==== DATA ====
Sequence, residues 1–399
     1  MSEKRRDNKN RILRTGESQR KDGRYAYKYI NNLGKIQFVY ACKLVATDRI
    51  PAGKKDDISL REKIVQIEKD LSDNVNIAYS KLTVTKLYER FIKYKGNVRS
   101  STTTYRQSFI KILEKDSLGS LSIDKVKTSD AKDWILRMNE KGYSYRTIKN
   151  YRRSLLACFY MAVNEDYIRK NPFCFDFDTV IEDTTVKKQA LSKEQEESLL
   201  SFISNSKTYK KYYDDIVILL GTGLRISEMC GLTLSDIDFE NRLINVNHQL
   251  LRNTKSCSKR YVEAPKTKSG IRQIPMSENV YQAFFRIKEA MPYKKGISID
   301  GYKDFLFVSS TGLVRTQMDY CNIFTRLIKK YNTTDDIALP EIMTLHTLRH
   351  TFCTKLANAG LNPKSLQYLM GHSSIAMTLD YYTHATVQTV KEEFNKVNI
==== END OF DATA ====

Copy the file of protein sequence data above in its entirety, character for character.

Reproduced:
Sequence, residues 1–399
     1  MSEKRRDNKN RILRTGESQR KDGRYAYKYI NNLGKIQFVY ACKLVATDRI
    51  PAGKKDDISL REKIVQIEKD LSDNVNIAYS KLTVTKLYER FIKYKGNVRS
   101  STTTYRQSFI KILEKDSLGS LSIDKVKTSD AKDWILRMNE KGYSYRTIKN
   151  YRRSLLACFY MAVNEDYIRK NPFCFDFDTV IEDTTVKKQA LSKEQEESLL
   201  SFISNSKTYK KYYDDIVILL GTGLRISEMC GLTLSDIDFE NRLINVNHQL
   251  LRNTKSCSKR YVEAPKTKSG IRQIPMSENV YQAFFRIKEA MPYKKGISID
   301  GYKDFLFVSS TGLVRTQMDY CNIFTRLIKK YNTTDDIALP EIMTLHTLRH
   351  TFCTKLANAG LNPKSLQYLM GHSSIAMTLD YYTHATVQTV KEEFNKVNI